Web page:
The Psychological Issue Behind Jon Lester's Inability to Throw to First Base

Besides being known as one of the best pitchers in baseball, Cubs ace Jon Lester is known for his inability to throw to first base. He has a history of making horrible errors when making pick-off attempts or simple throws to first after fielding the ball.

Now, Lester avoids throwing to any base, which was evident during Game 1 of the World Series.

In the third inning, Indians shortstop Francisco Lindor took a large lead off first base and broke toward second as Lester stepped off the rubber in what appeared to be a pickoff attempt. If Lester had thrown to first, Lindor would be a guaranteed out.

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But Lester just stared at Lindor and refused to throw to first base. He cannot confidently make this seemingly simple throw.

How is it possible that one of the best pitchers in baseball is unable to perform this basic skill? The throw doesn't even need to be incredibly accurate—just in the general vicinity of his teammate.

It all comes down to a phenomenon called "the yips."

The yips refers to a mental state in which a basic athletic skill becomes virtually impossible to perform. For example, a golfer suddenly can't sink a three-foot putt or a football kicker suddenly can't make a field goal—a situation that Patriots kicker Stephen Gostkowski appears to be dealing with.

The first inclination is to say it's a psychological issue. But according to Dr. Rob Bell, a sport psychologist who specializes in helping athletes conquer the yips, the explanation is a bit more complicated than that.

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"The debate is whether this is a physical issue or a mental issue. It's really a neurological issue," Dr. Bell says. "We have these movement patterns we've been doing our whole lives. What happens is there is an incident that happened that caused a neurological pathway to fray."

For Lester, the "incident" might have been a missed throw to first. For Gostkowski, it might be his missed extra point during the 2016 AFC Championship game.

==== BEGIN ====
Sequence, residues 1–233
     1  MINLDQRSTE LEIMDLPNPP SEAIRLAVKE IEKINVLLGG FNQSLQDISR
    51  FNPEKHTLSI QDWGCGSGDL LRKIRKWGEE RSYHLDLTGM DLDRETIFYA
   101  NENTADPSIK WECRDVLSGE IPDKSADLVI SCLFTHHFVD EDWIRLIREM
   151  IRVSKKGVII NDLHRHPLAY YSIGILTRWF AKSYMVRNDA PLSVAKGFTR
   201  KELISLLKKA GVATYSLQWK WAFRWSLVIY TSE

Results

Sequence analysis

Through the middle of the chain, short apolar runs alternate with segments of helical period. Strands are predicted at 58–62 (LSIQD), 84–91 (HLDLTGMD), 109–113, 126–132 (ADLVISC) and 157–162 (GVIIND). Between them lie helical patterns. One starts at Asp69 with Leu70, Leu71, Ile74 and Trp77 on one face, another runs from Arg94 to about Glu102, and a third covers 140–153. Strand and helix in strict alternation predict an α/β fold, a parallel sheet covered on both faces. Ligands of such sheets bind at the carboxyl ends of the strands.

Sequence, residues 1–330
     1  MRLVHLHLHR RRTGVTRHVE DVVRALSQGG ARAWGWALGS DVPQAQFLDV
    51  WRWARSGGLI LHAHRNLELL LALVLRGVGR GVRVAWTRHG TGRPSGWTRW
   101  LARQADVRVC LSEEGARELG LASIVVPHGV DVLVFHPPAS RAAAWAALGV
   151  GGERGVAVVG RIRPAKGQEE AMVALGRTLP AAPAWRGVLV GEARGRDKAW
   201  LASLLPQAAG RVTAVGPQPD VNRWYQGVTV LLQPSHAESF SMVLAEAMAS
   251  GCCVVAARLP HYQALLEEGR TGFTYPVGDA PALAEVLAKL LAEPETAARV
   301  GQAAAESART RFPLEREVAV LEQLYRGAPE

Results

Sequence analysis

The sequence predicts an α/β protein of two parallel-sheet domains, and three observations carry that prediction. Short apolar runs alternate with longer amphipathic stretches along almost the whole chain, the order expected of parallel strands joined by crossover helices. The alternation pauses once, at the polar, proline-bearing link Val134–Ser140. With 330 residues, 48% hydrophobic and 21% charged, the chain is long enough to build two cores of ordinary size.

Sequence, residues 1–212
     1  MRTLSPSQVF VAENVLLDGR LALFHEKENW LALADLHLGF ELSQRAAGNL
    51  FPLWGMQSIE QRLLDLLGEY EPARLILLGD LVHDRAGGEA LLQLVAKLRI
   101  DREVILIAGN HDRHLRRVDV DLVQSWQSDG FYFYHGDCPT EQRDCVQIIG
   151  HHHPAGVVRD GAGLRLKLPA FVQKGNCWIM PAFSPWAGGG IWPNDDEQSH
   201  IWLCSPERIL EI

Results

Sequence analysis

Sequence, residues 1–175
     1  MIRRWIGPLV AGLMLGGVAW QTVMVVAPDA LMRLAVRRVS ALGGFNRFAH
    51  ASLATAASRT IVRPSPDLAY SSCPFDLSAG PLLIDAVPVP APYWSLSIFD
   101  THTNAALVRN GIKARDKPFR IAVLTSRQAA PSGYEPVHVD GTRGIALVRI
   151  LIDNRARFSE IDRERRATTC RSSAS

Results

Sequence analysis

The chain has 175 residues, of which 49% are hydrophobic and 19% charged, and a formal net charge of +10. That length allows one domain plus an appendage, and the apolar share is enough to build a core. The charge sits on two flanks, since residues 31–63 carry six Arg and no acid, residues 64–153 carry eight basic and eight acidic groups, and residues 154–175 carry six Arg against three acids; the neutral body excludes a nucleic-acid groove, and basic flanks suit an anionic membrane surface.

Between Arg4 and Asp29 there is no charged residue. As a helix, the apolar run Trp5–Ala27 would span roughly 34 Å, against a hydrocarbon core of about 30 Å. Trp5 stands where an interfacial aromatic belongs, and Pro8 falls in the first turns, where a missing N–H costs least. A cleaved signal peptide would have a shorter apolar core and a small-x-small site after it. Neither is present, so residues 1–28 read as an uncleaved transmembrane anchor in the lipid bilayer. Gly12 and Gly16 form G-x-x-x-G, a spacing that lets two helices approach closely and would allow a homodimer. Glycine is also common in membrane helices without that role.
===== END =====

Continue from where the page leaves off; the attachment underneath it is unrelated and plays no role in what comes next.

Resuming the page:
Athletes make mistakes. It's an inevitable part of playing the game. However, sometimes the memory of the mistake haunts an athlete and causes anxiety that screws up a neurological pathway.

"Too often there's the thought of something we don't want to happen," adds Bell. "'Don't throw it away' pops in the head and that's a killer right there. It's a neurological issue that's exacerbated because of the anxiety that it could happen."

Lester knows exactly how to throw to first, but his body simply won't perform the way he wants it to.

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So how do you cure the yips? It's a difficult proposition, as evidenced by Lester's continued struggles. No doubt he's consulted with sport psychologists, but the problem persists.

One options is to change the feel of the skill. This allows an athlete to move on from the faulty pattern and relearn and gain confidence in a new movement. For example, golfers sometimes change the grips on their clubs.

But for Lester, it's more challenging because he can't change the feel of the baseball. He could try changing his throwing motion to first, but that's a risky proposition considering he's spent his entire baseball career throwing a certain way.

According to Bell, the only thing that appears to be effective is imagery and visualization to address anxiety.

"The only thing I've found successful is imagery and visualization," he says. "Have it really specific and guide them through that imagery so they can feel what it's like when they are having success. And what it's like when they don't have that problem."
Still, this is not a surefire way to cure the yips, and athletes who implement these strategies may continue to experience problems. If it happens to you, here are a few tips you can use to battle this debilitating phenomenon.
  • Gain confidence with the skill during practice and other non-pressure situations.
  • Before a game, imagine having success with the problematic skill. Think about how you and your body feel when you succeed.
  • Avoid negative talk or thoughts about what you don't want to happen. Instead, focus your mind on what you want to happen.

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[UPDATE] A recent Sports Illustrated article detailed Lester's struggles with the yips, and explained how he has overcome the issue: To avoid throwing to first at all costs. Here are several of the strategies that Lester and the Cubs employ to limit the chance of a mistake:

  • Lester's catcher Willson Contreras (formerly David Ross) coordinates with first baseman Anthony Rizzo to prevent stolen bases with pitch-outs and quick throws to first.
  • When Lester fields a bunt or soft hit, he throws the ball underhand or low so it bounces once or twice to Rizzo.
  • In the worst case, he has actually thrown his entire glove with the ball to Rizzo.
  • He doesn't let the issue bother him and now jokes about the situation.